ORLANDO, Fla., March 7, 2019 /PRNewswire/ -- At one of our nation's largest gatherings of food safety professionals today, the Partnership for Food Safety Education (PFSE) launched a new tool that is expected to dramatically improve consumers' food safety behaviors at home. PFSE announced the release of a new Safe Recipe Style Guide at the 2019 Consumer Food Safety Education Conference where more than 400 public and private sector experts are convened to address how to improve food safety behaviors.
The Safe Recipe Style Guide is designed for use by any recipe writer – professional recipe developers and food journalists – who writes and publicizes recipes for distribution to the public. It provides specific, concise recipe text to address the four major areas of most food safety violations in home kitchens: temperature, handwashing, cross contamination and produce handling. It can be found online at www.saferecipeguide.org.
The new guide was inspired by a study in the Journal of Food Protection1 that shows significant improvement in food safety behavior in home kitchens when recipes contain food safety instructions written into the text. Study author, Sandria Godwin, PhD, RD, from Tennessee State University, noted, "We were thrilled to observe that study participants who received recipes with food safety instructions demonstrated significantly improved food safety preparation behaviors compared to those who did not have instructions in the recipes. This told us that the recipes themselves might be one of our best food safety tools."
"Our challenge was to figure out how to get these simple instructions incorporated into more recipes," said Shelley Feist, executive director of the PFSE. "That's when we came up with the idea to provide food editors with a recipe writing style guide – just like the AP Stylebook – only this guide would provide easy ways to incorporate food safety instructions."
The exact wording was crafted under the guidance of food safety experts and honed with the direction of leading food journalists. It is intended as a supplement to the AP Stylebook, the definitive resource for journalists that provides fundamental guidelines for spelling, language, punctuation, usage and journalistic style.
"For more than 20 years, federal agencies, voluntary organizations, and elements of the food industry have worked to educate consumers about safe food handling practices," said Susan Mayne, Ph.D., Director, Center for Food Safety and Applied Nutrition at the U.S. Food and Drug Administration. "We applaud the non-profit Partnership for Food Safety Education and its partners for their efforts in developing standards for inclusion of food safety steps in recipes and, going forward, their work with organizations like the Association of Food Journalists and the Associated Press Stylebook to explain the public health rationale for inclusion of food safety information in recipes and the need for food editors and food writers to adopt them."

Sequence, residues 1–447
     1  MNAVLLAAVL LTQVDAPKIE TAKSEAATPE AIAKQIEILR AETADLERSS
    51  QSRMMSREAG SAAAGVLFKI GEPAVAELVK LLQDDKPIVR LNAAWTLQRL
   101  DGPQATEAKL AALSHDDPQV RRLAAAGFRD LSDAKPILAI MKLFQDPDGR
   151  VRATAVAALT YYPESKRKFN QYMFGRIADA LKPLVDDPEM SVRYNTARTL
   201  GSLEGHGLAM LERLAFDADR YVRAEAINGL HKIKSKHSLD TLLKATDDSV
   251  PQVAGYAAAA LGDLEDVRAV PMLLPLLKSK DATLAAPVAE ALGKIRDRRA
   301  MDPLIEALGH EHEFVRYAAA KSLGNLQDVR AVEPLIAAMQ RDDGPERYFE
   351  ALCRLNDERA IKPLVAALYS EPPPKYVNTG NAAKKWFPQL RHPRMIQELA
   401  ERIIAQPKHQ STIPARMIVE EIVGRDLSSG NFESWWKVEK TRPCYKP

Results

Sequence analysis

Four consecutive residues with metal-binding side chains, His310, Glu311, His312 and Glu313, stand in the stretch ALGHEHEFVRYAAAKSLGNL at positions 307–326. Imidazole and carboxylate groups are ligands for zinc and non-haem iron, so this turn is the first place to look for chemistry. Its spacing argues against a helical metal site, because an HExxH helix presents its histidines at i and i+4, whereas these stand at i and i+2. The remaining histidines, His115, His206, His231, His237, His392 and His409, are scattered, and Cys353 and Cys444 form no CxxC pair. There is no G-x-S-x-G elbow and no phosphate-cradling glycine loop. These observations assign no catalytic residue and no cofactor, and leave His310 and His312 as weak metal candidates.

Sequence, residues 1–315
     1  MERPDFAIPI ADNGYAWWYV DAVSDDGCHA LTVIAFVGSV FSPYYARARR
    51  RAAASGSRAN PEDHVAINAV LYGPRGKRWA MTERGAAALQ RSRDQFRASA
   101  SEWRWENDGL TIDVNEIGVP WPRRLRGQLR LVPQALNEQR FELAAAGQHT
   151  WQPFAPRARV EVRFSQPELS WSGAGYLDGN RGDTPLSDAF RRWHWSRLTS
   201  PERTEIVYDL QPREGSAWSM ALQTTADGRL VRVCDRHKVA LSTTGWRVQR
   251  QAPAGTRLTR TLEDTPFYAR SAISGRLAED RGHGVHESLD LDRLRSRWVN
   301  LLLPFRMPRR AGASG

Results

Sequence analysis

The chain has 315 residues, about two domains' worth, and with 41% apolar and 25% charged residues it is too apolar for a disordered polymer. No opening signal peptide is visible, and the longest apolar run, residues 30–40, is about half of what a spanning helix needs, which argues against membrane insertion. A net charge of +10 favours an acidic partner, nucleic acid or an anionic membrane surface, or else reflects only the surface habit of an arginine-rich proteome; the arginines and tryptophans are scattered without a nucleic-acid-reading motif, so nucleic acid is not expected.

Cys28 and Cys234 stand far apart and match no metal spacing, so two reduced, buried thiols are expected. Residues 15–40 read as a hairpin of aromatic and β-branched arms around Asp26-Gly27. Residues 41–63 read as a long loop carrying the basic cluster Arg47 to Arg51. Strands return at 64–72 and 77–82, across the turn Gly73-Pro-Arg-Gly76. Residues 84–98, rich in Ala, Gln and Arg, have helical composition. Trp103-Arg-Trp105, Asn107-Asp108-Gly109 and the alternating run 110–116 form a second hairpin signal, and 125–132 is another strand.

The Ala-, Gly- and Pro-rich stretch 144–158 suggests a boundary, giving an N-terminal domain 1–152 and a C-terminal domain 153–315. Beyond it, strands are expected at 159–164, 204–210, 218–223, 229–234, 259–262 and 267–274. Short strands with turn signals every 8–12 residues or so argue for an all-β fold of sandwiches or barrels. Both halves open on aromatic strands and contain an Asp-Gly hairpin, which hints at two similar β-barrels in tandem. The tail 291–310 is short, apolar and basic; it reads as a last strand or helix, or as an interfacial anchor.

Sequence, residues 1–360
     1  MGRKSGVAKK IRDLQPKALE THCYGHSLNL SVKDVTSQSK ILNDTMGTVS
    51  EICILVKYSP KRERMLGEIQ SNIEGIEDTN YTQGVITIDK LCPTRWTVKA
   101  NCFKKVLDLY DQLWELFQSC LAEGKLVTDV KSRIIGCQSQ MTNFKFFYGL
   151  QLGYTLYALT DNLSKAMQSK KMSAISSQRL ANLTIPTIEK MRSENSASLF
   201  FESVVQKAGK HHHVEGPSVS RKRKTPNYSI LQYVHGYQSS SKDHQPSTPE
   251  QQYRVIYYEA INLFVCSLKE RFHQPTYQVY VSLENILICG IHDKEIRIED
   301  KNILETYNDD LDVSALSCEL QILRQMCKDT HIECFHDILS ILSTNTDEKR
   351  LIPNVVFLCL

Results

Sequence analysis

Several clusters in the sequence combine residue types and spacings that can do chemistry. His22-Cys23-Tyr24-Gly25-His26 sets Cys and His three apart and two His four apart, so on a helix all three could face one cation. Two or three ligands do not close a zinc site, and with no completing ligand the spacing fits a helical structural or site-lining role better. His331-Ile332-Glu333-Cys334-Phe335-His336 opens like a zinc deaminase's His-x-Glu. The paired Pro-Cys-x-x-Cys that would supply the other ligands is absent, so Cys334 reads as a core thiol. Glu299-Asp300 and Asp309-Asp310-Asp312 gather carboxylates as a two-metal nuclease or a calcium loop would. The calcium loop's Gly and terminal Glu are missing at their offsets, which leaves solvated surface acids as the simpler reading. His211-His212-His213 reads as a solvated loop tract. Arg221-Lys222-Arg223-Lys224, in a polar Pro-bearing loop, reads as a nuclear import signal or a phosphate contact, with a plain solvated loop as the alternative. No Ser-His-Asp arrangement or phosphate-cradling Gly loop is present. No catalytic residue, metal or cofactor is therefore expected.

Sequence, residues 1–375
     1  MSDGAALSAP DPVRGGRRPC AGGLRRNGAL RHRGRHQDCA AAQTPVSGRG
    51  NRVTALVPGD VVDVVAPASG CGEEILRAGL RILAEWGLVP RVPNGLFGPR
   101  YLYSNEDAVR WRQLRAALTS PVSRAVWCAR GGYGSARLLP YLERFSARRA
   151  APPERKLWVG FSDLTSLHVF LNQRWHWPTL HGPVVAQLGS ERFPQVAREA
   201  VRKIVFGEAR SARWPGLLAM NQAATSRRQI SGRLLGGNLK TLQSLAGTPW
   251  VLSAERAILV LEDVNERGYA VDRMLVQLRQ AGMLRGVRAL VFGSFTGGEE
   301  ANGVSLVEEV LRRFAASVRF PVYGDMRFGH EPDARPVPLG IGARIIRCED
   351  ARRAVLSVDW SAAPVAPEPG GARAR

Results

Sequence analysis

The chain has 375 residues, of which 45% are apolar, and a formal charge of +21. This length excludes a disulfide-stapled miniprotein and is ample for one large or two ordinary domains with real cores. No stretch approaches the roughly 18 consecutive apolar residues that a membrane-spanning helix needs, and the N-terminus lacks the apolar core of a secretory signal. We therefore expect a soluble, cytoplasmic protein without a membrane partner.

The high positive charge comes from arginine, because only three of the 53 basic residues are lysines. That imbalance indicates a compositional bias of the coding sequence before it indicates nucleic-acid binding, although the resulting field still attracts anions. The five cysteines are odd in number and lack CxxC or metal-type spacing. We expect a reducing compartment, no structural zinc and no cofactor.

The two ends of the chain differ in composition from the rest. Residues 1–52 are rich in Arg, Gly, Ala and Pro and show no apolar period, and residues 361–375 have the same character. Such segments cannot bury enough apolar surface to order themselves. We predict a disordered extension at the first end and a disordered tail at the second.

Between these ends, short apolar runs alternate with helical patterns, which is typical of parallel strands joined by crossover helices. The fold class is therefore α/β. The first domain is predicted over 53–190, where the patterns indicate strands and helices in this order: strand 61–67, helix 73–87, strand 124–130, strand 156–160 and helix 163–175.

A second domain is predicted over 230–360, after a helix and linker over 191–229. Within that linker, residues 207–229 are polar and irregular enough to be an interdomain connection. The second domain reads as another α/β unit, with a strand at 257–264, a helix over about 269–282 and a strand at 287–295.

"Consumers play a key role when it comes to preventing foodborne illness and keeping their families safe and healthy," said Mindy Brashears, Ph.D., Deputy Under Secretary for Food Safety at USDA. "The research is clear – consumers do not wash their hands at critical steps of food preparation, which can lead to cross-contamination of harmful bacteria. The more information that we can provide to help consumers, the better they are able to prevent foodborne illness."
Food journalists involved in the creation and development of the Safe Recipe Style Guide offered generous praise for the concept and verbiage chosen. "There is no time better than right now for this kind of recipe format update," said Heather McPherson, food writer, cookbook author and past president of the Association of Food Journalists. "I do think consumers will react positively. Even if some don't embrace it right away, when they continue to see the language in recipes it will eventually sink in."
PFSE plans a year-long roll-out of the Style Guide, to educate the media and food industry about the new guidelines, and the potential public health benefits of their use. "We will be meeting with prominent food publications and speaking at food industry conferences in the coming months," Feist continued. "In addition, we have a team in place that can review and update existing recipes, to bring them into compliance with these important new food safety guidelines."
The funding for this Safe Recipe Style Guide was provided by the Food Marketing Institute Foundation. "We see this initiative as an extension of our National Family Meals Month movement," said Susan T. Borra, executive director of the FMI Foundation. "This will help to ensure that Americans can enjoy one more family meal at home each week – safely! It certainly is a win-win for all involved."
For more than 20 years, PFSE has led the charge on educating consumers about safe food handling practices – Clean, Separate, Cook, Chill – in the United States. It is comprised of 28 partner organizations including consumer groups, food industry associations, commodity groups, and professional associations in health and the sciences, as well as Federal liaisons with the USDA, FDA and CDC. It supports an active network of 13,000 health and food safety educators, called BAC Fighters, who deliver trusted, science-based behavioral health messaging to millions of consumers. http://www.fightbac.org/
The Food Marketing Institute Foundation operates for charitable, educational and scientific purposes. The FMI Institute is the creator of National Family Meals Month. https://www.fmi.org/family-meals
Contact: Allison Febrey
SOURCE Partnership for Food Safety Education